Having lost her mother and father, Yasmeen arrived with a fear of the dark after volunteers found her begging on the streets, Halabi said. Today she is thriving and top of her class.
“Honestly, when children arrive, we suffer a lot with them because they have been through so many situations, but after a few months here they mostly improve,” he said. “Our target is to protect them and educate them to succeed in the future. Most of children lost both their parents in the ongoing war; perhaps 5% have only lost one but the other parent is suffering mental problems so severe they cannot care for their own children.”
Funded by a charity and by donations from individual supporters abroad, Halabi and his team spent six months last year renovating a building into several storeys of cheerful dormitories and classrooms.
It was a statement of hope in a city where buildings were regularly being smashed to pieces. But that was before Russian jets joined the air war against Aleppo’s rebels. They added targeted airstrikes to the indiscriminate slaughter of the Syrian regime’s barrel bombs.
The ferocity and intensity of bombing raids increased, and with many airstrikeshitting civilian targets, including homes, markets, hospitals and schools, the orphanage decided it was no longer safe to trust the children’s lives to an ordinary routine.
It was then that they moved mattresses underground, along with much of their activities, from classes to exercise, so the children could sleep, eat and study with the safety of a few feet of earth over their heads.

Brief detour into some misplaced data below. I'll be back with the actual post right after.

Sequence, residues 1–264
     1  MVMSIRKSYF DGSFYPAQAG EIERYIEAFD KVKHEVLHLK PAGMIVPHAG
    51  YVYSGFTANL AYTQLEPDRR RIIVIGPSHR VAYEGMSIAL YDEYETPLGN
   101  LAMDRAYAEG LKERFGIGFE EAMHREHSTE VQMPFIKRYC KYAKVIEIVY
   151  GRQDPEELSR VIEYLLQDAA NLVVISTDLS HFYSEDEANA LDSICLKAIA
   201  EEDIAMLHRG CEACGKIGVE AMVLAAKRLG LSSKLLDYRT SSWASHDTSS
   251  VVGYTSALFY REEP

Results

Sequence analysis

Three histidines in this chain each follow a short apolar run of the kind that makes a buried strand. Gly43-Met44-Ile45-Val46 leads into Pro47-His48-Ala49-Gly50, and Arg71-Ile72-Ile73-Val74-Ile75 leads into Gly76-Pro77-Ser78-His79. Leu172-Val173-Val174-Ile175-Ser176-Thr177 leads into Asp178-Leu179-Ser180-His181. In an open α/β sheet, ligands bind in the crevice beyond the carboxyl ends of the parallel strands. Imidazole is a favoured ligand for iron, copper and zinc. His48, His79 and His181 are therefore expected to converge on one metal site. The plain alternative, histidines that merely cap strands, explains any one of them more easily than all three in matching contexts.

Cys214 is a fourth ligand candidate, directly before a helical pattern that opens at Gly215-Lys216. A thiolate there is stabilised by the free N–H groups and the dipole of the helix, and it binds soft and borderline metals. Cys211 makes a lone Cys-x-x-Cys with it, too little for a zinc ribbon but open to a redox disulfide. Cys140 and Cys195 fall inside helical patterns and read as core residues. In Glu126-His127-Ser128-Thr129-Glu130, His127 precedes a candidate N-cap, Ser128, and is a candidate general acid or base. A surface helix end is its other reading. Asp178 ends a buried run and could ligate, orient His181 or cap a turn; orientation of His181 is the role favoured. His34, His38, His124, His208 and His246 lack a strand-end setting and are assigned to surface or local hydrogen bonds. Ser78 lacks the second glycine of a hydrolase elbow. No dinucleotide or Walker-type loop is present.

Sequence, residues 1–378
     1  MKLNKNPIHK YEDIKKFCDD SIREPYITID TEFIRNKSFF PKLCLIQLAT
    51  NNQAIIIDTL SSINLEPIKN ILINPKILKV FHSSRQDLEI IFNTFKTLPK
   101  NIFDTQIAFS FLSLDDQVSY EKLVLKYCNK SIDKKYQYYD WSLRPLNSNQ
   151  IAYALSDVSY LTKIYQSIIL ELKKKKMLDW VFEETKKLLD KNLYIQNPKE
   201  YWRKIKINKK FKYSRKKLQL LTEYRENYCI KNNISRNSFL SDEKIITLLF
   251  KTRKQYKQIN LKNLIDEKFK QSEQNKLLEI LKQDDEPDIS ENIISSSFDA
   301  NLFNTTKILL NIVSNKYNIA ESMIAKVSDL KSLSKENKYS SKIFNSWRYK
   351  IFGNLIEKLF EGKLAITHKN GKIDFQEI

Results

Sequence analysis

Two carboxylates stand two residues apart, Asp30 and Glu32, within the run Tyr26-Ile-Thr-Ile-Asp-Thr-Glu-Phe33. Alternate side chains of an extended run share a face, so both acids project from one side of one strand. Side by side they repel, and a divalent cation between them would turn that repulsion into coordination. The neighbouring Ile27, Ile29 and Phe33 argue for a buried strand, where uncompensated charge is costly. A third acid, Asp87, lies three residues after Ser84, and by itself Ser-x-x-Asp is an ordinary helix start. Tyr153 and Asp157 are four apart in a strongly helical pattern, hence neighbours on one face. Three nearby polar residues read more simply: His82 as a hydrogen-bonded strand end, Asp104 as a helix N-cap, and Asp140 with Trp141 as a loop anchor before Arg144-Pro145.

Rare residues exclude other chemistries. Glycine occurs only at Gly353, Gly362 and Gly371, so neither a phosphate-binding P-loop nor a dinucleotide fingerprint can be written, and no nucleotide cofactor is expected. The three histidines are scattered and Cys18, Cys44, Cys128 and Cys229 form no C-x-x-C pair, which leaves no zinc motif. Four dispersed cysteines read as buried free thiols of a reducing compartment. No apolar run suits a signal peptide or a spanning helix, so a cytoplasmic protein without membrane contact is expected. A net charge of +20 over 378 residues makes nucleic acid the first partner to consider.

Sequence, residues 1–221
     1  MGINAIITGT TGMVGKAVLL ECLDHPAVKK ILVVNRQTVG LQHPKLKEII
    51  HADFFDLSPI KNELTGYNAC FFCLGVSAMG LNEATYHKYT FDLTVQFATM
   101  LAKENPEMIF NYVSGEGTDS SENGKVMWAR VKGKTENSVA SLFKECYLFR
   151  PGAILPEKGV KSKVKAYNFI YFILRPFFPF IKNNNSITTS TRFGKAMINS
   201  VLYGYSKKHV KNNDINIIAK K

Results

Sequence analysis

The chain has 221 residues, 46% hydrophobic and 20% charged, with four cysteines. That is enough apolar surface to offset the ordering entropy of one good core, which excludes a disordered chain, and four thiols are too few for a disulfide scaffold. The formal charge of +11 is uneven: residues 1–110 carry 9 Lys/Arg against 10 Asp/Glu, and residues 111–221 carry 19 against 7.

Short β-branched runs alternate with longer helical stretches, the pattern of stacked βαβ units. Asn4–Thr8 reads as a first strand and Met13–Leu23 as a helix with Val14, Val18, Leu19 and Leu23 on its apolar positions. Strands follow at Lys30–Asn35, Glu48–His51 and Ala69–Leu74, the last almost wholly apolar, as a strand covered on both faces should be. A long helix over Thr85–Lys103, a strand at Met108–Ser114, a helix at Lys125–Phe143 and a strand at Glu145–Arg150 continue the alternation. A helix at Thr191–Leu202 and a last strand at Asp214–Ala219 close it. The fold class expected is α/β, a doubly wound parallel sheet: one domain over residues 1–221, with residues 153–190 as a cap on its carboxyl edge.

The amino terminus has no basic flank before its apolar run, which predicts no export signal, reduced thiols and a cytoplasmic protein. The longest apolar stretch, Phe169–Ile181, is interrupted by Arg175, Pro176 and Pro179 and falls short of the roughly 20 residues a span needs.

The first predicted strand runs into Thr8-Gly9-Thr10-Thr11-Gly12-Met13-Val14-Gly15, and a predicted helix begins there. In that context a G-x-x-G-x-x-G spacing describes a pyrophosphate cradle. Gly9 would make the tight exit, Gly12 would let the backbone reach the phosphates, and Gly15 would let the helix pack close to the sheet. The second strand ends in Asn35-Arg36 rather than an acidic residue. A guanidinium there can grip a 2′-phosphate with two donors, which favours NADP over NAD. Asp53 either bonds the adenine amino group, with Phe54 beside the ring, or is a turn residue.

“When the jets come, we go down to the basements with the children,” Halabi said, adding that they had all but stopped going outside. “We used to take the children to the gardens to have fun. Unfortunately, because of the incessant shelling and air raids, we couldn’t feel free, then we completely stopped. We are pretty keen to ensure the safety of the children, so I don’t let them go out.”
Their new home is full of colour, with swings, a handicraft area, computer sections and other games. It has a stage, where the psychologists and teachers try to help the children tackle some of their trauma through performance.
Unlike support teams in refugee centres, they have to not only tackle past horrors the children have endured but prepare them for suffering that might lie ahead. Opposition-held areas were besieged by government forces for nearly a month this summer, and although the military cordon has been partially broken, civilians in east Aleppo are still largely cut off.
“Recently we put together a play to talk about the siege, with rap and revolution songs, even though they don’t really know what know what a ‘siege’ really means,” Halabi said.
As the possibility of a siege drew closer, they considered leaving for Turkey with the charges, but decided they could not leave. Aleppo is their home, and besides, every day more parents die in the war, leaving behind children in desperate need, who for now have only one hope.
“We are like a big family here,” Halabi said. “There is no other orphanage in Aleppo.”
Hussein Akoush contributed to this report